In a rare, three-opinion panel decision, the Third Circuit has weighed in on -- but, for now, has not resolved -- an important issue concerning the Fourth Amendment exclusionary rule: when a suspect is unlawfully seized, but then breaks away and discards evidence while being chased by police, should the evidence be suppressed? The case is United States v. Dupree, No. 09-3391 (3d Cir. Aug. 6, 2010). The district court suppressed the evidence in question, a gun, and the government appealed. The Third Circuit affirmed the suppression order, with one judge concluding that the government had waived the suppression argument it made on appeal, and another judge concluding that the order should be affirmed on the merits.
A standard exclusionary rule "fruits" analysis would lead to suppression when a "forced abandonment" occurs after an unlawful seizure, since there is no meaningful causal attenuation between the unlawful seizure and the discovery of the discarded evidence. The Third Circuit assumed as much in United States v. Coggins, 986 F.2d 651 (3d Cir. 1993), which presented the same factual scenario. The Coggins court did not have to reach the fruits issue, however, because the Court in that case held that the initial seizure was lawful.
But in Dupree, everyone agreed -- the government a bit later, as explained below -- that there was an unlawful seizure. The fruits issue was thus in play.
In dictum in California v. Hodari D., 499 U.S. 621 (1991), the Supreme Court arguably cast doubt on whether suppression is appropriate in this situation. Hodari D.'s holding is that a show of authority to which a suspect does not submit is not a seizure -- regardless of whether a reasonable person in the suspect's position would have thought he was free to leave. Since there was no seizure in Hodari D. (just as there was no unlawful seizure in Coggins), the Supreme Court had no occasion to conduct a fruits analysis. But the Court stated at one point in its opinion that, had the suspect in Hodari D. been touched by the police and thereafter had broken away and discarded evidence, "it would hardly be realistic to say that disclosure had been made during the course of the arrest." 499 U.S. at 625.
On appeal in Dupree, the government argued that this dictum from Hodari D. -- coupled with the deterrence rationale for the exclusionary rule recently emphasized by the Supreme Court in cases such as Hudson v. Michigan, 547 U.S. 586 (2006) and Herring v. United States, 129 S. Ct. 695 (2009) -- means that evidence discarded after a brief seizure has ended is not fruit of the seizure, and suppression is therefore inappropriate. But in the district court, the government had argued a different point: that, under Hodari D., Dupree had never been seized before discarding the evidence. It was only on appeal that the government conceded that an unlawful seizure -- however momentary -- had taken place (without reasonable suspicion, a police officer had grabbed Dupree for approximately two seconds before Dupree broke away and fled).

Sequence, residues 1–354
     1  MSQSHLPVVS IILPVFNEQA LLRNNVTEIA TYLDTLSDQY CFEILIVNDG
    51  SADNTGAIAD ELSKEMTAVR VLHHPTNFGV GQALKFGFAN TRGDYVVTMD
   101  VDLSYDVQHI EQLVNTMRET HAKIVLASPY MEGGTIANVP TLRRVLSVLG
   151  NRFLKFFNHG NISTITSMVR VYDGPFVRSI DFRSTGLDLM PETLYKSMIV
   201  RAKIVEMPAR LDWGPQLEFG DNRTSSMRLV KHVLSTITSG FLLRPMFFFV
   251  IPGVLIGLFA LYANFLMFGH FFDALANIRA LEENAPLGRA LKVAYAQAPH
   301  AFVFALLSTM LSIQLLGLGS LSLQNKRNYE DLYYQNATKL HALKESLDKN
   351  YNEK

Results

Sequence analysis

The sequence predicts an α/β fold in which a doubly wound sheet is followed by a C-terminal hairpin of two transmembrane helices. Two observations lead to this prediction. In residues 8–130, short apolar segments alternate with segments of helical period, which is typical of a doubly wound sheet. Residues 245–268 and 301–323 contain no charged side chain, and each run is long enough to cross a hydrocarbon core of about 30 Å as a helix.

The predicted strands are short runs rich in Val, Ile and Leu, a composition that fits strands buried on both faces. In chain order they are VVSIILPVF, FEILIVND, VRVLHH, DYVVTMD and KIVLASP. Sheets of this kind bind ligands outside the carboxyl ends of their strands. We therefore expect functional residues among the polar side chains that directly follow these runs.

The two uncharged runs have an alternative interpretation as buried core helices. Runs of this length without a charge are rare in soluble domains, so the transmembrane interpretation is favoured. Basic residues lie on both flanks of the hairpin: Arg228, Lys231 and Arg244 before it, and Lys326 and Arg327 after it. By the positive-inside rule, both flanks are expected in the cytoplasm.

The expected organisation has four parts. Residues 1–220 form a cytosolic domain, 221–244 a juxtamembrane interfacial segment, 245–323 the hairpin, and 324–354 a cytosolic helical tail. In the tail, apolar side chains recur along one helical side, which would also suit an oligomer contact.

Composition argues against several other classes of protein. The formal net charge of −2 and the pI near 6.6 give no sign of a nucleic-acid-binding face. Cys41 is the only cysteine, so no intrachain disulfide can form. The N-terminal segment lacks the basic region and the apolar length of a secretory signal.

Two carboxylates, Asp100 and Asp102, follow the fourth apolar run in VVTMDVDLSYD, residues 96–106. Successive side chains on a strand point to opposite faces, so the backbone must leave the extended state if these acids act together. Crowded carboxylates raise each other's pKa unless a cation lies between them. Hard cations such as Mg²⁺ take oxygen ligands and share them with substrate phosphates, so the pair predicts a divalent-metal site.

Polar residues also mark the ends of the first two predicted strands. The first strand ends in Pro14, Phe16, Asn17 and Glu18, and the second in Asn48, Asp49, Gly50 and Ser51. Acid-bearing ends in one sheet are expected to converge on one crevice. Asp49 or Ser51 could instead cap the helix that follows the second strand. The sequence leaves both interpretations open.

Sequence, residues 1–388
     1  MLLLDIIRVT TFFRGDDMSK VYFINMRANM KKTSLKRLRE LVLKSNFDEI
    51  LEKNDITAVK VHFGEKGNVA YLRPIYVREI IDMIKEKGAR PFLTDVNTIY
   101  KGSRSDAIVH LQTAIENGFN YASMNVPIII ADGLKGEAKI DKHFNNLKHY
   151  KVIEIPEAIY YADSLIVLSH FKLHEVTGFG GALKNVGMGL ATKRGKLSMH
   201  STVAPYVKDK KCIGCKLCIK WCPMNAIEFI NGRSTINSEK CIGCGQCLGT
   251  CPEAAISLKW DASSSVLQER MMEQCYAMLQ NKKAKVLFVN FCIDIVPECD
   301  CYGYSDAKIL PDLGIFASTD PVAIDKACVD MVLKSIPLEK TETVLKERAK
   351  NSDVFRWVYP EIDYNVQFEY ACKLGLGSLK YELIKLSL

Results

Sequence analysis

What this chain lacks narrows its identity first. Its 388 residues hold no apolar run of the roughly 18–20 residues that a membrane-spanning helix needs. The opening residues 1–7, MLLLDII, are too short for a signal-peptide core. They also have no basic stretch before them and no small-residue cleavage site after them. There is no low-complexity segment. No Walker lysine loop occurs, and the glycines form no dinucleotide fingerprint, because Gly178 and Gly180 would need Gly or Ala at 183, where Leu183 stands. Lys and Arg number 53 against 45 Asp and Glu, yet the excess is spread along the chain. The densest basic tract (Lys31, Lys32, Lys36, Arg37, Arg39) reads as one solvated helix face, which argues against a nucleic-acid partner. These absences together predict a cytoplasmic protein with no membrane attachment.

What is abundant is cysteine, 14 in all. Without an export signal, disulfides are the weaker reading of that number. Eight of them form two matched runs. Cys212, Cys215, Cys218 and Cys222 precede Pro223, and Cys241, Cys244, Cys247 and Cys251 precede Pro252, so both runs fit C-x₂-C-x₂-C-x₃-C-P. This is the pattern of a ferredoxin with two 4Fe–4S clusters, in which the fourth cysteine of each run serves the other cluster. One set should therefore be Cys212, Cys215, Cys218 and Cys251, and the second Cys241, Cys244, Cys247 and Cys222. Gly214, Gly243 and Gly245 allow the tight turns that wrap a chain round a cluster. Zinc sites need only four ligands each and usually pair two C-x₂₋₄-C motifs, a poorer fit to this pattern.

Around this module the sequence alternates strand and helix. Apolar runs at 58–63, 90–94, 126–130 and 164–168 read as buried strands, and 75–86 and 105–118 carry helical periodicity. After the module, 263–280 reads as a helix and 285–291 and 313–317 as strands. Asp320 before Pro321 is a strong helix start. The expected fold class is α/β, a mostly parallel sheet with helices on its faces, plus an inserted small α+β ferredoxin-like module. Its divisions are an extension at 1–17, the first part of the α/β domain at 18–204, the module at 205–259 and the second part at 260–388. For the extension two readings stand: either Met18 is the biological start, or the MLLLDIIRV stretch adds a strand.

Most of the courts that have addressed the dictum from Hodari D. have held that it does not mean that such evidence is admissible -- instead, they adhere to a standard fruits analysis and suppress the evidence. See, e.g., United States v. Wilson, 953 F.2d 116, 127 (4th Cir. 1991).
Two of the three judges on the Dupree panel were ready to engage the fruits issue on the merits. Judge Fisher would have affirmed suppression of the evidence under a standard fruits analysis, concluding that the government's Hodari D. argument rests on dictum that has rarely been read in accordance with the government's interpretation, and is in "manifest tension" with established fruits law. Judge Cowen, on the other hand, favored the government's reading of the Hodari D. dictum and would have applied it to reverse the suppression order.
Judge Hardiman, the third judge on the panel, declined to address the merits because he concluded that the government waived its fruits argument by not raising it in the district court. Judge Hardiman emphasized that, as an appellant, the government is subject to strict waiver principles no less than are defendants. Simply relying on Hodari D. in the district court was not enough to preserve the government's fruits argument, because Hodari D. had been used below not to argue fruits, but to argue no seizure.
Dupree is a precedential decision, but what law does it announce beyond affirming the suppression order in the case? The decision's impact appears to lie in its "institutional value," a criterion the Third Circuit uses to determine what decisions receive precedential status. Waiver law has developed for the most part with defendants as appellants, so clarifying waiver's impact on the government is crucial. But perhaps even more, the important Fourth Amendment issue raised in this case is bound to arise again -- in this circuit and others -- and the thoughtful analyses of its merits is surely valuable in that context.